August 29, 2004 notes:
Matt was out of town all week, getting trained on and
picking up his new Cirrus SR20, so no photos this time.
We are still having chugging problems with the 7 engine at
full throttle. We have tried a great
many things that made no difference at all (still good data points), and a
couple things that made a difference, but still didnt fix it. We arent going to finish the new 12 engine
until we definitively fix this on the 7 engine. The worry is that the catalyst monoliths we have on hand are not
exactly the same as the ones that were in the known good engine
configurations. If we have to order
more, that would be a five week lead.
We do have another 12 monolith exactly like the one in the engine that
worked well, but again, I really want to get the 7 engine working properly
All the configurations we have tried:
Two 1 thick 900 cpsi monoliths with 1676 x 0.022 spreading
Two 1 thick 900 cpsi monoliths with 940 x 0.022 spreading
One 1 thick 900 cpsi monoliths with 940 x 0.022 spreading
One 1 thick 900 cpsi monoliths with 584 x 0.022 spreading
50% open area perf plate under the cold support plate and
25% open area plate under the cold support plate.
Choke plate with only 8 x 0.5 holes, underneath spark plug.
Hot pack with single layer of 1000 grams, compressed to 4000
Hot pack with two layers of 500 grams each, compressed to
3300 psi gauge
Hot pack with three layers of 250 grams each, uncompressed
Optional 10 extra 20 mesh screens below monolith.
Domed or flat top above spreading plate.
More or less volume above spreading plate.
With or without support pegs between the spreading plate and
0.25 Cavitating venturi
0.3 Cavitating venturi
I gathered all of our notes and data into one place and
reviewed them again tonight.
The initial runs with two monoliths were stable at much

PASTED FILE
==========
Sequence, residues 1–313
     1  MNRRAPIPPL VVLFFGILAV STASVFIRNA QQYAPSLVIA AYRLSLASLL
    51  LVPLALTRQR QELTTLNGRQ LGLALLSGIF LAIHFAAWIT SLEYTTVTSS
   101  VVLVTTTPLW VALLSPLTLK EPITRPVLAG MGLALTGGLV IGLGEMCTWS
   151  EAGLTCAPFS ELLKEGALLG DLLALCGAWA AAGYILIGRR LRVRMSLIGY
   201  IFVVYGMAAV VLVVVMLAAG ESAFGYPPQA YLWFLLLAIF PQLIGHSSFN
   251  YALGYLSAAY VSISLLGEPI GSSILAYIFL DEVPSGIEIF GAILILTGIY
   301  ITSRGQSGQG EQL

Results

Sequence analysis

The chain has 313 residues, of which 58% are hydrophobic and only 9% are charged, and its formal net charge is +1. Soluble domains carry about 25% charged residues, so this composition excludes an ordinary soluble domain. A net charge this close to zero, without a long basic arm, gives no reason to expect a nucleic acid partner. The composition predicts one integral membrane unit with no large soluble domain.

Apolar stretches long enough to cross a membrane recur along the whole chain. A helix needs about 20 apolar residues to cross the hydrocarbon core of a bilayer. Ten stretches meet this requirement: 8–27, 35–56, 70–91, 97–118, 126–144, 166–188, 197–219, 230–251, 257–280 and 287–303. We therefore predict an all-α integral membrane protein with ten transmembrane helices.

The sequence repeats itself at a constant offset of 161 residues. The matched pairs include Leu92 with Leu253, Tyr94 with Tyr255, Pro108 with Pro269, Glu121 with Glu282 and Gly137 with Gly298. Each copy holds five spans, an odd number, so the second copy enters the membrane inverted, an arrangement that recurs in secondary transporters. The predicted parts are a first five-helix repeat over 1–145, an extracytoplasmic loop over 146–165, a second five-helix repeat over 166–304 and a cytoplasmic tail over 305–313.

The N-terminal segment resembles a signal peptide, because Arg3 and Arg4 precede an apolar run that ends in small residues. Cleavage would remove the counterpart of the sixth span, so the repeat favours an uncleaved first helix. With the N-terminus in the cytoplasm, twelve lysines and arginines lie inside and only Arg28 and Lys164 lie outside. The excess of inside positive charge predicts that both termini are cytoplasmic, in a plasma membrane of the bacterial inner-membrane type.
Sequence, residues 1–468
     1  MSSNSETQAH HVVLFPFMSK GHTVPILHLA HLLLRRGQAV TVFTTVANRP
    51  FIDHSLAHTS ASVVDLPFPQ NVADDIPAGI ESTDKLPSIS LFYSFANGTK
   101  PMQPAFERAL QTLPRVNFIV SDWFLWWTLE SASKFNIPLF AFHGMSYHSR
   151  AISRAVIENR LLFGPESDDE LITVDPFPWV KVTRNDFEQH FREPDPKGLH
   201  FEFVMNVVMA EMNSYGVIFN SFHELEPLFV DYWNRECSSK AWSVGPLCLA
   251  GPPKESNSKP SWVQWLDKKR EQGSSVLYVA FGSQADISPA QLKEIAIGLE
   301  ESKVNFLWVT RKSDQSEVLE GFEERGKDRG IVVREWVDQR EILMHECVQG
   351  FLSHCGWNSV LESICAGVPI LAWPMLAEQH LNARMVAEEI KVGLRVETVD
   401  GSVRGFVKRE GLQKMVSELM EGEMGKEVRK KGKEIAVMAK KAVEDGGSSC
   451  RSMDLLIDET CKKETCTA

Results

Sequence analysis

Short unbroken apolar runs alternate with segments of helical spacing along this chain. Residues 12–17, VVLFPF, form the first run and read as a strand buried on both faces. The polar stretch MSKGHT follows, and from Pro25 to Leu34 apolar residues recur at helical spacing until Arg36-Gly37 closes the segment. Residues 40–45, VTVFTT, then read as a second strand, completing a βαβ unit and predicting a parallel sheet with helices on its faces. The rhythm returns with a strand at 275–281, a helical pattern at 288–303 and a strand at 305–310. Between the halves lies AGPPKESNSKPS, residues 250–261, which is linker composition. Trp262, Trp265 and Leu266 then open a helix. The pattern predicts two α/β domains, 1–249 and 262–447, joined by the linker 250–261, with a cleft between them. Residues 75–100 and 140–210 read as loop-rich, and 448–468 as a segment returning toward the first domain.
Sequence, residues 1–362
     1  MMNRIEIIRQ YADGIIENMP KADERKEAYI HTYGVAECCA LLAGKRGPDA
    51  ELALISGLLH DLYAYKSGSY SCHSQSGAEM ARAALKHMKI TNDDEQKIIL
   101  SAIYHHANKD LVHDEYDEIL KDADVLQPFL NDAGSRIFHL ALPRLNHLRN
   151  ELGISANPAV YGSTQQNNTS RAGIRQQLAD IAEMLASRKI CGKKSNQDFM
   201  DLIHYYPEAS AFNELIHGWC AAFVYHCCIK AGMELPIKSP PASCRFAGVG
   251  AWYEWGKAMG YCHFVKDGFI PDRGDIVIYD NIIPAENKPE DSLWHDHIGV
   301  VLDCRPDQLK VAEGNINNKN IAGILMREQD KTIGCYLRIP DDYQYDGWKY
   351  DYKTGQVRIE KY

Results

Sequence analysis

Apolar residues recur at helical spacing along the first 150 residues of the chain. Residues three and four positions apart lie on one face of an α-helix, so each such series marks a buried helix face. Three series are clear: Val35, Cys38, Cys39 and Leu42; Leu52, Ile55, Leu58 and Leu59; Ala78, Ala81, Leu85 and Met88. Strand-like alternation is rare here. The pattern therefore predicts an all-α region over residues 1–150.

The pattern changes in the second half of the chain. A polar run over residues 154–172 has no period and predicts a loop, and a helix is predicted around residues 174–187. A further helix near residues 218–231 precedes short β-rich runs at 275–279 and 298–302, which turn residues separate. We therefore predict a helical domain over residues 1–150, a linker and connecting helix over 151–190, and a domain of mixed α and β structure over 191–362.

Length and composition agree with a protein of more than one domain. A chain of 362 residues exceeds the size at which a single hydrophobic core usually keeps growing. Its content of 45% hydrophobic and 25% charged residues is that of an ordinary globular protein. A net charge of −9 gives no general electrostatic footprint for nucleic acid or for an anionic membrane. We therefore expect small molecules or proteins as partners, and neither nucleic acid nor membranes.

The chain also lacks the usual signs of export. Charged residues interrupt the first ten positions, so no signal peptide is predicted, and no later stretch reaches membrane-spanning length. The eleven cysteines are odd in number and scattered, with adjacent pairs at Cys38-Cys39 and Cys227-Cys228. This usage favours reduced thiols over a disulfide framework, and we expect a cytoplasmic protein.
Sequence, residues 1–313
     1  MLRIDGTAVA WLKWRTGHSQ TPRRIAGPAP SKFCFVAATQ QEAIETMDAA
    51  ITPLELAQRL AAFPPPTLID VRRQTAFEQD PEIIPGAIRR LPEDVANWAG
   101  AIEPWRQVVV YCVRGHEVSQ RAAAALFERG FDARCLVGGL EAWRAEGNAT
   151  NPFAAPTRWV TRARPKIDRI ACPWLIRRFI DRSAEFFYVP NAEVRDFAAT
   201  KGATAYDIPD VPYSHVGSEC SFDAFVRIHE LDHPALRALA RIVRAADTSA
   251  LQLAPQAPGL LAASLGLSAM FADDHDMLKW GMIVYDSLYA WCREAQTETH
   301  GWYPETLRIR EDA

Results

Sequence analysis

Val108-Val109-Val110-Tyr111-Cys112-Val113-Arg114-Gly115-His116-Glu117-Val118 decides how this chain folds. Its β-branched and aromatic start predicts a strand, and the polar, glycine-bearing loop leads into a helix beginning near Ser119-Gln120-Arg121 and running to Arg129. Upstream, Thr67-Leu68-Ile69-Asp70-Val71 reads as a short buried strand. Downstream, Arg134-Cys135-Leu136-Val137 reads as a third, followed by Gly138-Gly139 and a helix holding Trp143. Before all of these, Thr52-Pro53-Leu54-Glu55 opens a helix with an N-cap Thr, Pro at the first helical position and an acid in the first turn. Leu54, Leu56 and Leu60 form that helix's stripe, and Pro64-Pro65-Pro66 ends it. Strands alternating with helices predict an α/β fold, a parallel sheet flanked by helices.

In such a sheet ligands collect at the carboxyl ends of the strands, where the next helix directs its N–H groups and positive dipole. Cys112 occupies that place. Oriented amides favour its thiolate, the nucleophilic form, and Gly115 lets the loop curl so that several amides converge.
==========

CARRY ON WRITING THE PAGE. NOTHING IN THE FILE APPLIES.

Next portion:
higher thrust levels that all the configurations with only a single monolith.
Something I hadnt noticed before was that the double monolith
runs were also over 100C hotter than the later runs. That might have something to do with the fact that it ran at a
higher pressure, but it does look like I had runs that were at stable
temperatures both ways.
The lighter, segmented, and uncompressed hot pack did have
about 10% less pressure drop than the single layer compressed pack, and it was
able to run slightly higher thrust without instability.
These support our theory that the pressure drop needs to be
higher through the cold pack than the hot pack, but we are having difficulty
getting more drop in the cold pack.
Adding ten screens underneath the monolith didnt give any measurable
increase in the pressure drop, rather to our surprise. Neither did adding a 25% open area perf
plate. With a good amount of the flow
from the cold pack still being liquid, the velocities must be quite low. The choke plate did increase the pressure
drop a lot, but it didnt move the stability point, probably because it was
below the spark plug, and the pressure drop needs to be before any combustion
The temperature result does imply that the double thick
monolith is still catalyzing more peroxide than the single monolith, which should
make the pressure drop a lot greater than simply doubling the drop of a single
Our next test will be rebuilding the top with a double
monolith and adding even more screens below it, which should push the top
pressure drop higher than the hot pack.
We might even try three monoliths, with the thinking that we might as
well put active elements in instead of inert screens, but we sometimes have
difficulty getting the flameholder started on engines with very strong cold
packs, because the methanol starts catalytically breaking down before it gets a
chance to burn.
In other work, Russ and Tommy have been working on custom
board layouts for our new electronics systems.
The new boards will be much smaller than our old electronics systems,
and wont have any of the on-board cabling we used to have. There will be short ribbon cables coming
down from the PC104 boards, but that will be about it.